Digital mobility services cater for changing conditions in the transport sector
Scania Go is an integrated mobility service covering several types of transport. It is currently being tested in Södertälje. The transport industry is at present undergoing a shift, and the demand for such services is increasing. This is the opinion of Johan Palmqvist, Head of Business Development at Scania Sustainable City Solutions.
The transport sector is currently changing rapidly, partly due to changes in consumption patterns. Many people, especially young people, choose not to get a driving licence and a car, but instead opt for other types of transport solutions. Being able to offer new services therefore becomes an important part of being relevant as an employer and attracting the right skills. The concept of MaaS, which stands for Mobility as a Service, is becoming more common in the industry. This involves providing digital mobility services that make it possible to use different types of transport without necessarily having to own them.
The exact path that this development will take remains to be seen, but Sustainable City Solutions realised that it already had access to its own mobility system, and therefore the ability to connect everything to an integrated platform, in order to test and evaluate the business potential offered by the concept.
“We own and control several passenger transport services, such as the shuttle bus to and from Stockholm city centre and minibuses operating around Scania, as well as a number of internal vehicles that function as taxis. This provides a unique opportunity to build and test a mobility platform from scratch, both from a user and a business model perspective,” says Johan Palmqvist.
There is a considerable need for internal transport services in Södertälje. Scania’s main site has a circumference of approximately 12 kilometres and an area of approximately 4 square kilometres. There is also a smaller site located about 2 kilometres away.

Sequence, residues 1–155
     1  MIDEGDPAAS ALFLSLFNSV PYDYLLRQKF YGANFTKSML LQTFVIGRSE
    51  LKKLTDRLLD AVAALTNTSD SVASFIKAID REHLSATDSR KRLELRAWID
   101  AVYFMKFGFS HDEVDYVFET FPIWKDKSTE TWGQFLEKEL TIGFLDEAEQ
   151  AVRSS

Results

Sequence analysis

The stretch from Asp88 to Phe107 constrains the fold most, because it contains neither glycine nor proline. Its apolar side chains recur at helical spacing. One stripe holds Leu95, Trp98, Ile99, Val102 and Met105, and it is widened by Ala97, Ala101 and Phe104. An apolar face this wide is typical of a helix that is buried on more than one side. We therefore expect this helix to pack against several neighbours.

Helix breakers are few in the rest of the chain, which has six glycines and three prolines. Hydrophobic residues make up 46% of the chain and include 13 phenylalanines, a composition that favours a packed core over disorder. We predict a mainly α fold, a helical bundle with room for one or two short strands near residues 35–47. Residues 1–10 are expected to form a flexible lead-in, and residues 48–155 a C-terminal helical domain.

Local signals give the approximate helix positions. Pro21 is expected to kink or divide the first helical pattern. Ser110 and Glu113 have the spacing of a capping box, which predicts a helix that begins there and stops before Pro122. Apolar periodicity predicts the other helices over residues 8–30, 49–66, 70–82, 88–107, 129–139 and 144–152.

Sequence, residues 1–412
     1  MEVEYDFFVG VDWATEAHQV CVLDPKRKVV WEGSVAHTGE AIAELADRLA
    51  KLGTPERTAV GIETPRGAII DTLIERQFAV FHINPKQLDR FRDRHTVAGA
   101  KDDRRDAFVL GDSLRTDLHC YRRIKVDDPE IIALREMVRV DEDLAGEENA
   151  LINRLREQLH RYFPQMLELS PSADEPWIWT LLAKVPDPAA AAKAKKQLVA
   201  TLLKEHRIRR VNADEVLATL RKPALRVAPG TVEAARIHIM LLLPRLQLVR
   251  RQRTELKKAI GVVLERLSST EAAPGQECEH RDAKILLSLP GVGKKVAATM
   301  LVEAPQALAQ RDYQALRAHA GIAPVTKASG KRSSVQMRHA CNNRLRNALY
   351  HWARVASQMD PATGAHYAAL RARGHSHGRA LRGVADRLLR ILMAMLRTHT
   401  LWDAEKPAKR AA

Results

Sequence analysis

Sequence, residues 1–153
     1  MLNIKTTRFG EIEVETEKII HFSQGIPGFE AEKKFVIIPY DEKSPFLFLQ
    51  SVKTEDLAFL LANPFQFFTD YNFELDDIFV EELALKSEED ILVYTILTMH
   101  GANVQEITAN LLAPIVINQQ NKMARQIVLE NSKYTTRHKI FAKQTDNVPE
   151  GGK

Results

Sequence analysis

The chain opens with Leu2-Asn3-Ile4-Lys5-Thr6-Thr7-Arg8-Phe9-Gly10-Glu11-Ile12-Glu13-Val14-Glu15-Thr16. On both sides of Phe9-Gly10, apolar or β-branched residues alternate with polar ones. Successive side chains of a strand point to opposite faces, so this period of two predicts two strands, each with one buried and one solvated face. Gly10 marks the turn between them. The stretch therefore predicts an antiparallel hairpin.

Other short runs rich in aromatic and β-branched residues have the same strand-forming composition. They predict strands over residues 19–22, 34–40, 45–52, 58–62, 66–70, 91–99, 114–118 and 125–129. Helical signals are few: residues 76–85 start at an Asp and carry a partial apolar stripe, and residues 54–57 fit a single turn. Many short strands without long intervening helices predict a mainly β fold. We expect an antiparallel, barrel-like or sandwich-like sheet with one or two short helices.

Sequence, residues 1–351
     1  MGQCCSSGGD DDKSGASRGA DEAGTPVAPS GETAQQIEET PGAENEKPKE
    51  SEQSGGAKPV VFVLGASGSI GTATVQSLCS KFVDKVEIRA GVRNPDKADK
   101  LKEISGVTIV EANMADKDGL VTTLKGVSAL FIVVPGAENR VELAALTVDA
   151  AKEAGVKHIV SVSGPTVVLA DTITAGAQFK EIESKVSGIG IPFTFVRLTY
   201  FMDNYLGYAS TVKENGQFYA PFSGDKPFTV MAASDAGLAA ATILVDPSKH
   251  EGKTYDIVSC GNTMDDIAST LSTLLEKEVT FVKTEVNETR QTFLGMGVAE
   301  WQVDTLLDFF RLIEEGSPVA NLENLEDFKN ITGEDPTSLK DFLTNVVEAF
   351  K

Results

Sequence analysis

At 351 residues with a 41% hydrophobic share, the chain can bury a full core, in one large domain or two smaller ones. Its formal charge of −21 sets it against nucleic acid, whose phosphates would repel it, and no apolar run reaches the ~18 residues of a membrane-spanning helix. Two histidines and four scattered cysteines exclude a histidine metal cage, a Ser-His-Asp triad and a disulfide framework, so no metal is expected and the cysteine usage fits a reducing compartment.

The Scania Go service links the shuttle buses, minibuses and internal taxi service, as well as electric bicycles. A department at Scania monitors the system using a connected control tower system that reads traffic flows in real time and via which information can be pushed out as required. The user interface also provides the opportunity to submit feedback and suggestions, in order to be able to continuously improve the service.
“Scania Go involves creating an attractive and efficient mobility solution for users as well as for the company, and we are also looking into integration opportunities with other systems that can facilitate life for people in the long-term, such as Outlook, SL and SJ,” explains Johan. The availability of electric bicycles will also be shown, and if the control tower detects that there are a lot of bikes at one particular station, but only a few at another, it can proactively balance the system as needed.
He considers there to be many benefits with Scania Go, both for employees and the company. People who do not want to drive or own a car are offered straightforward solutions, and avoid having to spend time looking for parking spaces or looking for information and having to allow large margins when travelling between meetings.
“If Scania Go streamlines transport flows by making available and collecting information that optimises and improves the system, this will give rise to productivity and sustainability gains for the company,” says Johan.
The project has been running for a year and the launch of Scania Go constitutes the start of the next phase.
“The exciting work with gathering data, conducting measurements and implementing improvements, as well as exploring business opportunities for Scania, is therefore now starting,” says Johan enthusiastically.